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Thread: Poverty, Equality, and Capitalism

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    Quote Originally Posted by Taxpayer View Post
    Relative productivity. Flood the market with folks equally productive ... or pull from the resource pool folks equally productive -- the results are predictable.

    As far as forcing people to invest capital in folks who cannot even operate their personal expenses without a deficit... that seems a recipe for disaster. Not everyone is capable of effective capital management and assuming they are is dangerous. As demonstrated by the sub-prime mortgage fiasco.
    Ha ha, most people in the developed nations manage their personal expenses at a deficit. That is what mortgages and car loans, school loans and credit card debt is, psersonal deficit spending. It seems that quite a few are willing to invest large amounts of capital in these personal deficit spenders, more than they invest in government deficits.

    People are, for the most part, very effective capital managers at a personal level. You paint with the wrong brush with your insinuations about sub-prime borrowers since it was the lenders who were the more irresponsible party in that fiasco, hoodwinking both borrowers and investors.

    Given the trend towards greater automation in the future there will be less and less need for workers but no corresponding decline in the need for income. There are a few ways to resolve this problem, increase welfare, make work projects, war, genocide, pandemics etc. but none of these are really satisfactory resolutions to the real problem, which is income in a capitalist market economy with not enough real jobs.

    One answer would be to move from an employment income economy to an investment income economy. The consumer as investor as opposed to the consumer as worker. This, of course, would require a vast redistribution of capital shares, something which could be accomplished without undue disruption by a long term program of share purchases of corporate stock by the government. There would be no need for the government to gain a majority stake unless compelled by national interest or management malfeasance.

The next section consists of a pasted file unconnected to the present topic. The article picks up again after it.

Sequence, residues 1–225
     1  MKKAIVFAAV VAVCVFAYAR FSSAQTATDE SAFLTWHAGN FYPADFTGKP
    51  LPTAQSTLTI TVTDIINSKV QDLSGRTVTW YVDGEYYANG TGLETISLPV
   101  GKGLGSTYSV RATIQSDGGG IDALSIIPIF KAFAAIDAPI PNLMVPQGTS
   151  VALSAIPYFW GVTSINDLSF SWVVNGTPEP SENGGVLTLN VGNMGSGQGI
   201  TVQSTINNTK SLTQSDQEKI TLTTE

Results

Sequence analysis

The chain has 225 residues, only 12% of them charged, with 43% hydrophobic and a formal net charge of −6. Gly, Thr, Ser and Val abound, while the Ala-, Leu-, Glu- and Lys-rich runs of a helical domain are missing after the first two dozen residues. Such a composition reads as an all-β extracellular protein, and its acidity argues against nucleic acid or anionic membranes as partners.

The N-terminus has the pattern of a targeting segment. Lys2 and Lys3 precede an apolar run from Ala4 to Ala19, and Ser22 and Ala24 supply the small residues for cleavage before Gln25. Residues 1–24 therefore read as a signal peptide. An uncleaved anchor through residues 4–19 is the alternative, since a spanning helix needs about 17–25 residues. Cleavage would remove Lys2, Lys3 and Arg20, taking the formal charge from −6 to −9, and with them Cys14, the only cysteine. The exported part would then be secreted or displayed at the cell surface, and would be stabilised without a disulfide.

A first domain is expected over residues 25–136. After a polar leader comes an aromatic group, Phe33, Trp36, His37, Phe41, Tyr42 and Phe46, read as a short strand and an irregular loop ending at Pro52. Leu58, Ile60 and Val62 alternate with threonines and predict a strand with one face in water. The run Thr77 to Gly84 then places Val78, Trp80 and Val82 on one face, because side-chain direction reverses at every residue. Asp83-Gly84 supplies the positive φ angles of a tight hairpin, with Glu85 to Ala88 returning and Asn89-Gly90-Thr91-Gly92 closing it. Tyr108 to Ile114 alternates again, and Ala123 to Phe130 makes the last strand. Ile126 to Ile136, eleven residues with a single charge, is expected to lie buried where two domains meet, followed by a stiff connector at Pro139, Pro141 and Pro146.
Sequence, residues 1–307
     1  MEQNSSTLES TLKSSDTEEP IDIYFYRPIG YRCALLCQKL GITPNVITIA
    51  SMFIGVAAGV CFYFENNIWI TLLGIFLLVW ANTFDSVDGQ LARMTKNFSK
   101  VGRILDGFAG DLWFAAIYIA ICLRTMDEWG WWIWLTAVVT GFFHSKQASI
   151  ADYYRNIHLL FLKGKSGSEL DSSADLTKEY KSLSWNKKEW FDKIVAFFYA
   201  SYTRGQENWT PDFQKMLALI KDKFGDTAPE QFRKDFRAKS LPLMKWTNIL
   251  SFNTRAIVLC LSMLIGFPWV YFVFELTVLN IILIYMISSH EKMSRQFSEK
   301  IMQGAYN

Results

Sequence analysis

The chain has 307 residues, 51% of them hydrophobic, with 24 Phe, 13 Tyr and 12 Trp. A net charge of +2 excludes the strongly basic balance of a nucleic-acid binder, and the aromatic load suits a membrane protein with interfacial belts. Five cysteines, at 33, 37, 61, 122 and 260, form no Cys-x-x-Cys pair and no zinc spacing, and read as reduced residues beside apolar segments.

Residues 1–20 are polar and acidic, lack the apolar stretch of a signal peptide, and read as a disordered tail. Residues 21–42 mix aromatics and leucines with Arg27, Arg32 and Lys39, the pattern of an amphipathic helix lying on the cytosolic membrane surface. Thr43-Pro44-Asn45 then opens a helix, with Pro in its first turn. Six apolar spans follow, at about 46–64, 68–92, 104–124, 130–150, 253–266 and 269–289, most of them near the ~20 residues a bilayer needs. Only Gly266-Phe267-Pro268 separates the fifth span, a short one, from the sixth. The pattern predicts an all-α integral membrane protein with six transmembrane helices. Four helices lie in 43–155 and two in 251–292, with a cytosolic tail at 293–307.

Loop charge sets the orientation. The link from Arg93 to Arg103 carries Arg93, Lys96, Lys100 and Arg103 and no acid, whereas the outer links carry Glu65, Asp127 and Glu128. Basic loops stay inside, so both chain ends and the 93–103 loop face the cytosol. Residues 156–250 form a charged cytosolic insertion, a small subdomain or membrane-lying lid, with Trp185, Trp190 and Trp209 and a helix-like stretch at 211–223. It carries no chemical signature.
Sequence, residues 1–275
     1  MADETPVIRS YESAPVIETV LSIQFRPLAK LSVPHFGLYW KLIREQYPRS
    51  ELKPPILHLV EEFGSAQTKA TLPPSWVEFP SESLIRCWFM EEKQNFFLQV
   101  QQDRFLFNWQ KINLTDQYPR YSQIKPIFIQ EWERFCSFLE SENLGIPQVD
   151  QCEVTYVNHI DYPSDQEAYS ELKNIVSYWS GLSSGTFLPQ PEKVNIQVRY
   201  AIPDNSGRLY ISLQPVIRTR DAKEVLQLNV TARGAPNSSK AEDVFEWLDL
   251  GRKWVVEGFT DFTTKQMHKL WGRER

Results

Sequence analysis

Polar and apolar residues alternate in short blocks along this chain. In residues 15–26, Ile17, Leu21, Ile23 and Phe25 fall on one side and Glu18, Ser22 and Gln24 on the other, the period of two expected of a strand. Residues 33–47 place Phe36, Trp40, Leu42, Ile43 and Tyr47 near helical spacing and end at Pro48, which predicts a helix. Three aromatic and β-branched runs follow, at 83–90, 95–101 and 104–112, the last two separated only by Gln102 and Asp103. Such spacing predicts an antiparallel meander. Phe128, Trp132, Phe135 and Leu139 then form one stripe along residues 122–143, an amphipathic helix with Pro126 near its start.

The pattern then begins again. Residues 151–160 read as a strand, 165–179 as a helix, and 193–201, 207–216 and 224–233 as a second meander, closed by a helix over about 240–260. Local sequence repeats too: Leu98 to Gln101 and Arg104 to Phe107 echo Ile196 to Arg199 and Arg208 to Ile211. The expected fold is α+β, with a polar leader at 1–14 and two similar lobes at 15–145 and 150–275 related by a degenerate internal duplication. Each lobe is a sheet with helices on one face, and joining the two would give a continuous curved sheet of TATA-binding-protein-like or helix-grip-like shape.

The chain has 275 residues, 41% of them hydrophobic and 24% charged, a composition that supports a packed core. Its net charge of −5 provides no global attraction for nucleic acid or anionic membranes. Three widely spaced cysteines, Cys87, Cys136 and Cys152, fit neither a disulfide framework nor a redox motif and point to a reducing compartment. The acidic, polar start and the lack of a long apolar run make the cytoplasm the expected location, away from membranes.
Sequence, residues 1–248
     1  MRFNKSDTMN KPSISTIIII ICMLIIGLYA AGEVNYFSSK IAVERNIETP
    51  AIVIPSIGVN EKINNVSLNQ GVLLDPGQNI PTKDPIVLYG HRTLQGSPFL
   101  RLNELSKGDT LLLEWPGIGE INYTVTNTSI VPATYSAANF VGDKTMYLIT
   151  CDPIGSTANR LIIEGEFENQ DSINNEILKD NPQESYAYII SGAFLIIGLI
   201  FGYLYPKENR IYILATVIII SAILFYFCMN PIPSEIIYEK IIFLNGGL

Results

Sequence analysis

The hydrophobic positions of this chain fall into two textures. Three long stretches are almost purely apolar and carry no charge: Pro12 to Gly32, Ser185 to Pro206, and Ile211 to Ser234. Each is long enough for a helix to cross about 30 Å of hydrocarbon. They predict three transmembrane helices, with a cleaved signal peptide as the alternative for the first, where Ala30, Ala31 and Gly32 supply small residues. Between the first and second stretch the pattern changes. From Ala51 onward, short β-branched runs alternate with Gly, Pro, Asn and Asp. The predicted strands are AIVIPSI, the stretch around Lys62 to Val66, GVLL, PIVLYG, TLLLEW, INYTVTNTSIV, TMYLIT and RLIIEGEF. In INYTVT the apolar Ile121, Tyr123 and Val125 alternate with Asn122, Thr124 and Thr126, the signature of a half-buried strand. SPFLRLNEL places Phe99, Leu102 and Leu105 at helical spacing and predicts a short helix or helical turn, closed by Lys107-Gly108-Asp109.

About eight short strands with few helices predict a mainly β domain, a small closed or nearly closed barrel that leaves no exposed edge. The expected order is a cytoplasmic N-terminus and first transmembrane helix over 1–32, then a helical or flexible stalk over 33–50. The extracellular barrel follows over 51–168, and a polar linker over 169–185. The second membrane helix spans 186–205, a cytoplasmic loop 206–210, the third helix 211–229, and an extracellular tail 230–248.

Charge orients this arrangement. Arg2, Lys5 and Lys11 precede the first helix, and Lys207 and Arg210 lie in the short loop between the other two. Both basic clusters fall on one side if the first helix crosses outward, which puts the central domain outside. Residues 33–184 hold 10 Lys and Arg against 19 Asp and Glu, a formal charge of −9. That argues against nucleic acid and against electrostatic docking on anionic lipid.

The people/shareholders would receive a share of the dividends as income.

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  3. #12

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    Quote Originally Posted by unrealist42 View Post
    Ha ha, most people in the developed nations manage their personal expenses at a deficit. That is what mortgages and car loans, school loans and credit card debt is, psersonal deficit spending.

    There is a difference between deficit and debt. Incurring a mortgage or car loan debt is not unreasonable, provided you don't continuously operate at a deficit. If you do... you go bankrupt.
    A man approaches you and says "gimme $100," you respond that you'd prefer not to. He says "we should compromise; gimme $50." The next day he approaches you: "gimme $200." At what point is it reasonable to stop compromising and just say no?

  4. Default

    Quote Originally Posted by Taxpayer View Post
    As far as forcing people to invest capital in folks who cannot even operate their personal expenses without a deficit... that seems a recipe for disaster. Not everyone is capable of effective capital management and assuming they are is dangerous.
    The people do not actually have to be given this capital (the type that is not a product of human nature). Calculations can be made, and payments could be given out to compensate them for the land and natural resources they are not allowed to have access to. It is called geolibertarianism.

    Quote Originally Posted by Taxpayer View Post
    Henry George's theories were based on land ownership and how far a business was from a public resource like a mill or waterway. The man lived and died a decade before the model T was produced much less modern transportation and communication. Not only did Henry George never hear of the Internet, he barely lived long enough to see the electric light. Applying the theories of Henry George to modern nations is about as risky as letting the most brilliant caveman design your next airport.
    Perhaps you should try to attack his theories more directly, besides just claiming that they are outdated.
    Last edited by Anders Hoveland; May 03 2012 at 07:06 PM.

  5. #14

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    Quote Originally Posted by Anders Hoveland View Post
    The people do not actually have to be given this capital (the type that is not a product of human nature). Calculations can be made, and payments could be given out to compensate them for the land and natural resources they are not allowed to have access to. It is called geolibertarianism.